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    by Published on 03-17-2015 02:53 AM
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    Ahhh - gotta love Monday's!! I mean, what better way to kick off the work week then to get back in the office and get right to work. Of course, when your office is a local trail and your desk is your Jeep, who can complain, right? Fortunately, Cindy and I were able to get our good friend MTG to join us for our Monday Fun Day Run and the trail we got to play on was Bronco Canyon. Located just east of Reno, we started our run off I-80 so that we could work our way up the canyon and make a few stops along the way including one to the historic Choppa Ranch and the Lagomarsino Petroglyph site. From there, we took on the boulders strewn trail and ending our day in Virginia City. Here are some pics from our day at work, I hope you enjoy.
    by Published on 02-18-2015 04:38 PM
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    Although this trip had been on the official WAYALIFE Run Schedule since the beginning of the year, getting it to happen took a lot more effort than I would have preferred and for that matter, it almost didn't happen at all. Coming off the heels of King of the Hammers, we still had 3 Jeeps that were down and for a while, I just didn't think we'd be able to get one fixed in time. But, as luck would have it, our good friend Tony sent me a message on the Thursday before and asked if it was safe to assume the trip was cancelled. This of course was the kick I had been needing to just figure things out and make it happen and, that's exactly what I did. The crazy thing is, even with the run being announced just a little more than a day before the trip, we still managed to get a total of 9 Jeeps to come out.

    For our purposes, the 2015 WAYALIFE Presidents Day Weekend run would be one that explored the Inyo Mountains just east of the town of Lone Pine. Using the Dow Villa Hotel as our base camp, we spent the first part of our Saturday up in the hills digging for the fossil remains of Ammonites, extinct marine invertebrates that lived in an ancient sea over 235 million years ago. From there, we descended into the depths of the earth as we drove a 1/4 mile into the Reward Mine and then finished the day with a visit to the old WWII Manzanar Japanese Interment Camp. On Sunday, we climbed our way up and over 9,000 feet to explore the old Swansea Salt Tram ruins before heading out to another fossil bed to dig for ancient shark teeth.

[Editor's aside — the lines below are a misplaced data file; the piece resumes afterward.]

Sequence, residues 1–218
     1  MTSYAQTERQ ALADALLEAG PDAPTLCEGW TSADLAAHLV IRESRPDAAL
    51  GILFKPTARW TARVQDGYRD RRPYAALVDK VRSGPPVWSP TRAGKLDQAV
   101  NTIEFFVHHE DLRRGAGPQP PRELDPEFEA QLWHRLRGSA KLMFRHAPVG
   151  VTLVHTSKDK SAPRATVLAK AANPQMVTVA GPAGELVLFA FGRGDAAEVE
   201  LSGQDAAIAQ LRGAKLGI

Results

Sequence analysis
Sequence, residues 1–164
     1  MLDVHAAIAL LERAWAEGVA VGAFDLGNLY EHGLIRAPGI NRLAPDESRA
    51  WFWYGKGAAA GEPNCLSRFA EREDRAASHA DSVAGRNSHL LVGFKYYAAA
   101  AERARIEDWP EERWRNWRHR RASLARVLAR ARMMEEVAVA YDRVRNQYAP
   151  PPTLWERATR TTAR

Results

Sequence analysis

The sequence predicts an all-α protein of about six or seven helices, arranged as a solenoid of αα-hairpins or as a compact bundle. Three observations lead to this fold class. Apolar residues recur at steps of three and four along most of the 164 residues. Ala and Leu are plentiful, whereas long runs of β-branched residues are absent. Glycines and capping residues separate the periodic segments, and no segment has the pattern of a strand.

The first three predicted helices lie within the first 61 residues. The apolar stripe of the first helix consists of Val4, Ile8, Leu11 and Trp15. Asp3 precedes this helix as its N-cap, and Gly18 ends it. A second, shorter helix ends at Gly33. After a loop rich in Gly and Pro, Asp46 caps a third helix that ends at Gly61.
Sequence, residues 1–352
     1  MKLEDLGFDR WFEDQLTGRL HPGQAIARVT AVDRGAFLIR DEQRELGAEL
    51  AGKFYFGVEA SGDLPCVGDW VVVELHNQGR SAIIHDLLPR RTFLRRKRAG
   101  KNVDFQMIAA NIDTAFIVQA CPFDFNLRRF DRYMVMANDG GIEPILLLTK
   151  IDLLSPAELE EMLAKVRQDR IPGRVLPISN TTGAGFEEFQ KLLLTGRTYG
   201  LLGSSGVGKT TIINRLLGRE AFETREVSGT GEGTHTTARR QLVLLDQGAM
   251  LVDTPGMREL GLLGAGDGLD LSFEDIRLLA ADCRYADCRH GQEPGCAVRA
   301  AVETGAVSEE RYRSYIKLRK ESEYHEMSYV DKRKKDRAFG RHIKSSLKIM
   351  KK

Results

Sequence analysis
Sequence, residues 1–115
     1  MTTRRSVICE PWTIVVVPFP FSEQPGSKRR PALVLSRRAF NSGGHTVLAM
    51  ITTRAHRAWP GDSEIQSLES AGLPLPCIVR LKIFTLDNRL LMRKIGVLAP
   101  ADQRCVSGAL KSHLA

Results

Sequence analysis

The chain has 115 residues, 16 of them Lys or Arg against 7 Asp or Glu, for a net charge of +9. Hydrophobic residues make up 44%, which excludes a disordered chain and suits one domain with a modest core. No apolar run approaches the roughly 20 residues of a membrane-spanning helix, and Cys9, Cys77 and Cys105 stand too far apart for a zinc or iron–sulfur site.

by Published on 01-05-2015 07:49 PM
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    With a convoy of 60 Jeeps that stretched about a half a mile long when parked end on end and well over 2 miles long when moving across the trail, the 2015 WAYALIFE New Year Kick-Off Run was by far the biggest runs we've done to date and maybe because of it, one of the most fun ones we've done as well. Certainly, having a starting point so close to Primm, Nevada didn't hurt as it allowed more than half of our group to meet up the night before and party with new friends and old.

    For those of you who weren't able to join us, we started our run from the north east corner of the Mojave National Preserve, made our way to the Cinder Cone National Natural Landmark where we explored a lava tube there, cut through the Old Dad Mountains, drove over a section of plank road, visited an old ranch called Sands, climbed up to the mysterious Mojave Megaphone, examined the petroglyphs at Mesquite Springs, climbed our way up Spooky Canyon, forded two deep water crossings and 75 miles later, worked our way out of Afton Canyon and back on to pavement again. Unfortunately, with a group this big, it was all that Cindy and I could do to keep everything organized and moving and so it was next to impossible to take as many photos as we would have preferred but, here are a few shots of what we were able to take as well as shots that others were able to take. We hope you enjoy.
    by Published on 01-02-2015 02:49 PM
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    Concrete Arrow Quest : Search for Transcontinental Airway Beacons - Part 5

    This is a concrete arrow that I've known about pretty much since I first heard about the transcontinental airway beacons. While I have been meaning to check it out for a long time now, I suppose I kept putting it off being that it's so close to Las Vegas and somewhat easy to get to. I mean, being that I'm always in the area, I figured I'd get to it sooner or later and as luck would have it, that later happened on New Year's Day 2015. After spending some quality time with Cindy's folks, we drove to the south end of town, parked our Jeep and went on a short hike up a small hill to see this very well preserved concrete arrow.